Most people plan holidays with a variety of fun activities in mind, from sight seeing to sampling exotic food to absorbing some culture at local museums. However, playing it safe and engaging in family fun isn’t everyone’s cup of tea: some people are looking for more of a thrill. Sex tourism, in which the main goal of a trip is to engage in sexual activity, often with prostitutes, is a booming global industry. Most clients involved in sex tourism are men, while a majority of the sex workers are women. Although, female sex tourism exists in smaller numbers. Sex tourism is an industry worth billions of dollars that is estimated to have millions of sex workers involved worldwide, and the practice can be legal or illegal, depending on regional laws, whether the activity is consensual, and whether children or sex trafficking are involved. Below are some of the top destinations in the world for sex tourism: prostitution is legal in some, but not in all of the countries listed.
10. Dominican Republic
Many Caribbean countries are seeing a rise in sex tourism, especially female sex tourism, and the Dominican Republic is no exception. It is estimated that anywhere from 60,000 to 100,000 women work in the sex trade in the Dominican Republic, and many cross over from Haiti as well. Prostitution is not illegal in the Dominican Republic, although sex with minors is, and sadly many of the sex workers here are minors. The country’s sex tourism trade may be so popular due to its relative accessibility from both the United States and Europe.
Cambodia has strict laws regarding prostitution, but the practice is still extremely relevant, and Cambodia remains a popular destination for sex tourism. Cambodia’s rocky history during the twentieth century, including the Khmer Rouge, caused laws regarding prostitution to rise and fall in varying degrees of severity. Currently, Cambodia is plagued by problems with child sex tourism. Stricken by debilitating poverty, parents sometimes sell their own children into sex slavery, while others are tricked into the industry. A child’s virginity is often extremely valuable and will be auctioned off to the highest bidder. Additionally, violence against sex workers is common. Unfortunately, sex tourism has cast a dark shadow over Cambodia, and many are left without alternatives.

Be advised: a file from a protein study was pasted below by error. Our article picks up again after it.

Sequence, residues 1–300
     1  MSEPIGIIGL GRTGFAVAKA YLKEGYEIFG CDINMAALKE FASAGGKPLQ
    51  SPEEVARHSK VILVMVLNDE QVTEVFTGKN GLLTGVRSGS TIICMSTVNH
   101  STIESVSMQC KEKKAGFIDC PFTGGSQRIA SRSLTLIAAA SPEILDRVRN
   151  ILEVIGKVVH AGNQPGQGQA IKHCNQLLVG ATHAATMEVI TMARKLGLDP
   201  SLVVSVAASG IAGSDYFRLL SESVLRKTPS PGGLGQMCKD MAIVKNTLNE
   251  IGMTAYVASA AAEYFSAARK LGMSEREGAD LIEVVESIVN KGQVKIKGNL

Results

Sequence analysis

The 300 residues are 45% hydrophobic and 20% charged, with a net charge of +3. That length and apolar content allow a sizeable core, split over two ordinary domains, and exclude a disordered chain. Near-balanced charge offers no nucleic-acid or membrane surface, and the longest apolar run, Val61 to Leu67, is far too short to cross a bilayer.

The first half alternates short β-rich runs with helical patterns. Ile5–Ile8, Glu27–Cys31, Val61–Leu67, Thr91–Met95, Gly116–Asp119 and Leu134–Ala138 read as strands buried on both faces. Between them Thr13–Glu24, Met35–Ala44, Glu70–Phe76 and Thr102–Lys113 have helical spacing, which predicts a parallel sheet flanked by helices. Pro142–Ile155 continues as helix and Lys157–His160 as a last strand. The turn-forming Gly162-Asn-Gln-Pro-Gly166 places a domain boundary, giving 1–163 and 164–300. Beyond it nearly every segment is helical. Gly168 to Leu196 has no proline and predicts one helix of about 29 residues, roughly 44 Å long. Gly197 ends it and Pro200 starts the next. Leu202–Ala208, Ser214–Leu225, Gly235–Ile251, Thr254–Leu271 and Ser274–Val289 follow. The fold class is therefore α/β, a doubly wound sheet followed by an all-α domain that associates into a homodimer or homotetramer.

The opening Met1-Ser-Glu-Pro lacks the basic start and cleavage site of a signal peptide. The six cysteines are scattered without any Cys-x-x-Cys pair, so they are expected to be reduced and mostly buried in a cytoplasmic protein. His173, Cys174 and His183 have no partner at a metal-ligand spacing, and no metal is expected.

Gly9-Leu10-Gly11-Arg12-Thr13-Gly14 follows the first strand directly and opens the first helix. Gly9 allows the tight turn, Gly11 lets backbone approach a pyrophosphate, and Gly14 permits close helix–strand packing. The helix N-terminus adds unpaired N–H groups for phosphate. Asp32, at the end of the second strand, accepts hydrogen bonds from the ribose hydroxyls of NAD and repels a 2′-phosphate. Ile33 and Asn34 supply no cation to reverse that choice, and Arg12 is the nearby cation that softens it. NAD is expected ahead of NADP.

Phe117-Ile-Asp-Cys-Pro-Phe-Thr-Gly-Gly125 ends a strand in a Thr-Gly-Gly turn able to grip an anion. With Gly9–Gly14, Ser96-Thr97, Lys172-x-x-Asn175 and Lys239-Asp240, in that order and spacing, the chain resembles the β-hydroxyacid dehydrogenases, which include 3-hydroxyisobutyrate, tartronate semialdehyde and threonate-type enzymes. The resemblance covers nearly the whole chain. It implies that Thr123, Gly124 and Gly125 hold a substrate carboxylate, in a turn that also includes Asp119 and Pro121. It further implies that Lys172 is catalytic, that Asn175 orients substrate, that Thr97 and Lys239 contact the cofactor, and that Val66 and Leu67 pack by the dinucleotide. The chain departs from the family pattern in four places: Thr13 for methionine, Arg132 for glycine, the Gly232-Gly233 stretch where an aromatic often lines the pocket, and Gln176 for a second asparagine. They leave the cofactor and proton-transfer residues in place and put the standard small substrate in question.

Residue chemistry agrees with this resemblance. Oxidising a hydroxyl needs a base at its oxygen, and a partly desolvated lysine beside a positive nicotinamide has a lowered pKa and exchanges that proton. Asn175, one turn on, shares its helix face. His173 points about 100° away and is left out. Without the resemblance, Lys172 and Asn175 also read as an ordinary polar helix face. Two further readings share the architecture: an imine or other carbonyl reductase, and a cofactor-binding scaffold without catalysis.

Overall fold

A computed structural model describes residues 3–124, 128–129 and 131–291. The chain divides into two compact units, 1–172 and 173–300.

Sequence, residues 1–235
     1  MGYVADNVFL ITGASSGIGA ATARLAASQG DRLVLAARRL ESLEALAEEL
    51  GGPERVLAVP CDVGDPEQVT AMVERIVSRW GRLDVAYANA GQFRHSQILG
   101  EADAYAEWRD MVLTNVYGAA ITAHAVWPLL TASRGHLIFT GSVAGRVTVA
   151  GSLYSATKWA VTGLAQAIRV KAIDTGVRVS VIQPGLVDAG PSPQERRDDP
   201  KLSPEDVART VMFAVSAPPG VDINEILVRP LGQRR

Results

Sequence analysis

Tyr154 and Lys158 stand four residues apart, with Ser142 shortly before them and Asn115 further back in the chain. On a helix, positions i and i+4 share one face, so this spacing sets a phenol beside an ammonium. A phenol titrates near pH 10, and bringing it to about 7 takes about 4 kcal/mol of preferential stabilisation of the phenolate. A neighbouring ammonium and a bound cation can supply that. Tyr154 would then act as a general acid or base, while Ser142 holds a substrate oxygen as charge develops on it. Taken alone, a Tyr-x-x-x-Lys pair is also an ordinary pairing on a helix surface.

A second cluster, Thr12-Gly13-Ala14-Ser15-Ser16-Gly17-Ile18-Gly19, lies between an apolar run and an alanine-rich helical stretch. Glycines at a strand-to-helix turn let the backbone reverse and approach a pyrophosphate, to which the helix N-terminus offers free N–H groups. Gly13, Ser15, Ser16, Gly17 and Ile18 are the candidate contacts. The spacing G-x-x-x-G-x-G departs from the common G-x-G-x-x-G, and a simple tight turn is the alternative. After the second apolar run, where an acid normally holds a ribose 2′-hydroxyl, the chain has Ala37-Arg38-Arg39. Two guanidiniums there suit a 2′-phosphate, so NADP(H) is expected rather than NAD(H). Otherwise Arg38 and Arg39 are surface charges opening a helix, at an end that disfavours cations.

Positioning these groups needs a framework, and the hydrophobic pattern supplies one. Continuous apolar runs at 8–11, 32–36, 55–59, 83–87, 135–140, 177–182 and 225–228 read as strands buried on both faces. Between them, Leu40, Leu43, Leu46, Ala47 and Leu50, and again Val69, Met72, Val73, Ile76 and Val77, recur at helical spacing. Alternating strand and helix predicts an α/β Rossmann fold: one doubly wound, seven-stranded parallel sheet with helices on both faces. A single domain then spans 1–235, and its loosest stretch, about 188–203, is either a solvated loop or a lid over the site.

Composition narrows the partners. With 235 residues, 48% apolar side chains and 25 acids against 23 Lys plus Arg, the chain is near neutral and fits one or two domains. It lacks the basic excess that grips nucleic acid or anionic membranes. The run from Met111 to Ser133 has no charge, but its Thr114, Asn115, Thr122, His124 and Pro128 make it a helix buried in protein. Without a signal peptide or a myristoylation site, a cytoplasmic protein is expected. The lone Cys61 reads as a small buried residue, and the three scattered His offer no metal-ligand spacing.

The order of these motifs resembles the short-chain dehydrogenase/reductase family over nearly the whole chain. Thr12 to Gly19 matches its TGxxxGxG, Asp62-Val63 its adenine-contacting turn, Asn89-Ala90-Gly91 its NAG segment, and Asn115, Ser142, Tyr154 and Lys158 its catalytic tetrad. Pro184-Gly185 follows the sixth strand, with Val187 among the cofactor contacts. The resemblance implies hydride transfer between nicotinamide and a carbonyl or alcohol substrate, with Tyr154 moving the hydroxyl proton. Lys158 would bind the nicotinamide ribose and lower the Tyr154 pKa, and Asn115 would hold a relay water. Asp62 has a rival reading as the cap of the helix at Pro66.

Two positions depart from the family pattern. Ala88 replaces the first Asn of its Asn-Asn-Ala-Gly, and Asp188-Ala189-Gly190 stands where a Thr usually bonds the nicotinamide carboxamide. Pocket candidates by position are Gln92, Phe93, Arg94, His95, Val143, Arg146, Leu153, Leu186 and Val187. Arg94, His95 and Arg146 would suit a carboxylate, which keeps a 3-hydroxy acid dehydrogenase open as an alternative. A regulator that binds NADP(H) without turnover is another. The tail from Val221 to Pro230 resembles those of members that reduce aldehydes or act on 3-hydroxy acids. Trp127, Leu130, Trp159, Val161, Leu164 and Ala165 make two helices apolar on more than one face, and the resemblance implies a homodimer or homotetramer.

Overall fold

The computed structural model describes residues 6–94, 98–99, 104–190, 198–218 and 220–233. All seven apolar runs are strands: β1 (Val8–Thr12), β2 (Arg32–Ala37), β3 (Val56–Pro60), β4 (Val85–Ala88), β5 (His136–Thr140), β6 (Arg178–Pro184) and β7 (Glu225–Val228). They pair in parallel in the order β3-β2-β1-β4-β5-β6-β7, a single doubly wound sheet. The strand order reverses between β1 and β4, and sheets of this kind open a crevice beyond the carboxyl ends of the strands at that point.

8. The Netherlands
Amsterdam is the top spot for sex tourism in the Netherlands, thanks to its infamous red light district. The red light district is popular for both standard tourists and sex tourists alike, and sex shops, peep shows, strip clubs and countless prostitutes selling their wares behind red-lit glass windows abound. Prostitution is legal and well regulated in Amsterdam, which arguably creates safer conditions for sex workers. Prices in Amsterdam generally range from 35-100 Euros, depending on the time of day, as well as the client’s age and attractiveness. Amsterdam’s notorious red light district caters to every kind of fetish and kink and the best part is, it’s (relatively) safe.
Like many other places on this list, the driving force behind the flourishing sex tourism industry in Kenya is poverty. Prostitution among the poor, uneducated and often young prostitutes in Kenya, has spurred the spread of HIV/AIDS, because few sex workers are educated about the dangers of STIs. Often, children as young as 12 fall victim to the sex tourism industry in Kenya. Many young girls in Kenya only use a condom 60% of the time, although they frequently see up to five clients per day. Despite these dangers, prostitution is not discouraged by the Kenyan Tourism Police, for the country desperately needs the economic boost from tourism.
6. The Philippines